Winter 2018

The anti-Rockwell

Blechman pioneered a less-is-more aesthetic. His scratchy shorthand expresses ideas with a punchy surprise

During the 1940s and 50s, Norman Rockwell and the members of the ‘Famous Artists School’ of realistic, romantic and often saccharine editorial illustration ruled the roost. Before R. O. Blechman produced his earliest work, the typical narrative style of rigorously painted tableaux dominated American magazines and advertising from the late nineteenth century through to the 1960s. True, some of it was of high quality and many of its adherents’ work won the lion’s share of awards, lined the walls of New York’s musty Society of Illustrators and filled the pages of its competition annuals, but it was doomed to extinction…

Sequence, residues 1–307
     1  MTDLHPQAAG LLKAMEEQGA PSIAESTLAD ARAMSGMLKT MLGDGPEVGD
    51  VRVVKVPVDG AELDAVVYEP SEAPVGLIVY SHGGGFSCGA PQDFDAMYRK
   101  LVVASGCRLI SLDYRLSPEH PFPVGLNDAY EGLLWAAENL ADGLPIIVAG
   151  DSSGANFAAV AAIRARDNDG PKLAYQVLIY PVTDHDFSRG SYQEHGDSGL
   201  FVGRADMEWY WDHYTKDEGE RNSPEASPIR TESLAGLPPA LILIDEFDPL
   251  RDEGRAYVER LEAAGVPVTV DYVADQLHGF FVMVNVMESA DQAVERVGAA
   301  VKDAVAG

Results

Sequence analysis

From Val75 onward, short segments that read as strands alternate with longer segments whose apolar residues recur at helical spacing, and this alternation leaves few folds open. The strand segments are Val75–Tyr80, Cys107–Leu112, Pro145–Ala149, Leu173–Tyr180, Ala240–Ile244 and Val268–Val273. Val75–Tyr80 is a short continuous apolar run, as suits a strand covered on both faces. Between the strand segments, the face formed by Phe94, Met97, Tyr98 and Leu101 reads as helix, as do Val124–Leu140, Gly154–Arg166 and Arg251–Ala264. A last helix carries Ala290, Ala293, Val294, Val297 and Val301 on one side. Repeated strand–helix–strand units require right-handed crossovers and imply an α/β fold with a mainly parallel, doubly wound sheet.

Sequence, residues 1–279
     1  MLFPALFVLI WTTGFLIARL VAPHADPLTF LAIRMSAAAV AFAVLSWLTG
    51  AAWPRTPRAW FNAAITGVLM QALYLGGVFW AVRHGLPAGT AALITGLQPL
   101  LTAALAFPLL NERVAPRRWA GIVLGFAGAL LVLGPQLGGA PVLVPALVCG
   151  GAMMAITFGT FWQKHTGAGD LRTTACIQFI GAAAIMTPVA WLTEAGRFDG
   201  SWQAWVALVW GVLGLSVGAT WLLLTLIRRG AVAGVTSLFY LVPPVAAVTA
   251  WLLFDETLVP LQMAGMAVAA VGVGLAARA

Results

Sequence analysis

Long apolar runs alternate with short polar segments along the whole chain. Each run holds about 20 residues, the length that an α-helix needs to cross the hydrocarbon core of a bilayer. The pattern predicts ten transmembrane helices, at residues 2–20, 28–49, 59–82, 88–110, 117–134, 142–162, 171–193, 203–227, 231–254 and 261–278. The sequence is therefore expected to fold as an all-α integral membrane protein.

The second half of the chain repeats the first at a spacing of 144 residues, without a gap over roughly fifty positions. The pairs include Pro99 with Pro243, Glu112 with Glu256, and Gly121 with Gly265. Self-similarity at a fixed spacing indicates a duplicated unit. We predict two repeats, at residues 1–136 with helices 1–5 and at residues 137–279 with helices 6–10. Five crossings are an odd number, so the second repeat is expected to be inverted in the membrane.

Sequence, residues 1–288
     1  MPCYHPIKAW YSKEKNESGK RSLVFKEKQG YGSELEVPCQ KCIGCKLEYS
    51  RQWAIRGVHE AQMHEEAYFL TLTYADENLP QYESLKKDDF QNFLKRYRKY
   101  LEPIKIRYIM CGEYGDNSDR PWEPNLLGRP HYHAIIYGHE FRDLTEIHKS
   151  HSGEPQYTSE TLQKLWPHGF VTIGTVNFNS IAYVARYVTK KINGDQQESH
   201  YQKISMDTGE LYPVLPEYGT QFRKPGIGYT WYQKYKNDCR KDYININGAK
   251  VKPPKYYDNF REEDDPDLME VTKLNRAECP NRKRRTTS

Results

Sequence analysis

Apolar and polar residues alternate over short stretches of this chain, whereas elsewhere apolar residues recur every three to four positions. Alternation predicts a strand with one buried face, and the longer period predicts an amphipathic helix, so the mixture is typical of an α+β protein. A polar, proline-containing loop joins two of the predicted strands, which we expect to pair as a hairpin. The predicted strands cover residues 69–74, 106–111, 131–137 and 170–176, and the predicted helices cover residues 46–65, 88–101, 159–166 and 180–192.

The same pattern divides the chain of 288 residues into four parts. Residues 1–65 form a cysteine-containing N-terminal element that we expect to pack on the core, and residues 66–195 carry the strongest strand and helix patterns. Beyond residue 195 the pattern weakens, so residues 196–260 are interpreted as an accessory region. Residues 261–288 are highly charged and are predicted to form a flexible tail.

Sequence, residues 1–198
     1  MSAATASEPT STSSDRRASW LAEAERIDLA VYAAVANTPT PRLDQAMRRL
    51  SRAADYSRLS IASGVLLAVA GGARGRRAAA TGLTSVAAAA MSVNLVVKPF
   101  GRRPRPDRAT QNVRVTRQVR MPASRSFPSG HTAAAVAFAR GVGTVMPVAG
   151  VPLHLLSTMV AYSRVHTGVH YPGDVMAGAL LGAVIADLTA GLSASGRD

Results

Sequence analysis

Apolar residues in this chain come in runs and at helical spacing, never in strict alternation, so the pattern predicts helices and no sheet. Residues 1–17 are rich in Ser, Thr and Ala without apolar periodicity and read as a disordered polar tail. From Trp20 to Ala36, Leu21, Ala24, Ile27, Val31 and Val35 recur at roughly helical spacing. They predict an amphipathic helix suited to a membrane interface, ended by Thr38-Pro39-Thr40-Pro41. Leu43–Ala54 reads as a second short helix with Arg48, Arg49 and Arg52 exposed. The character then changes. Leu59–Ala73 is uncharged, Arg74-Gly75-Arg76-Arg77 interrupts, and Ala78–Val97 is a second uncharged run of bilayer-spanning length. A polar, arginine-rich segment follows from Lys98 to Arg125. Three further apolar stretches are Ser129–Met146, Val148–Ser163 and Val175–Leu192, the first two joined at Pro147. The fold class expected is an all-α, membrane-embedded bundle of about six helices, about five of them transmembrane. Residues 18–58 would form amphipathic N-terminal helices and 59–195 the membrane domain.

‘Op-Ed’ illustration for The New York Times, Monday 11 February, 2013. Art director: Aviva Michaelov. Blechman was one of several illustrators used to offset the social critiques with subtle yet sharp graphic commentaries.
Top: A Museum Mile, poster, 1981. Blechman packs all the highlights of New York’s famous museum mile into one single image.


Steven Heller, design writer, New York

Read the full version in Eye no. 95 vol. 24, 2018


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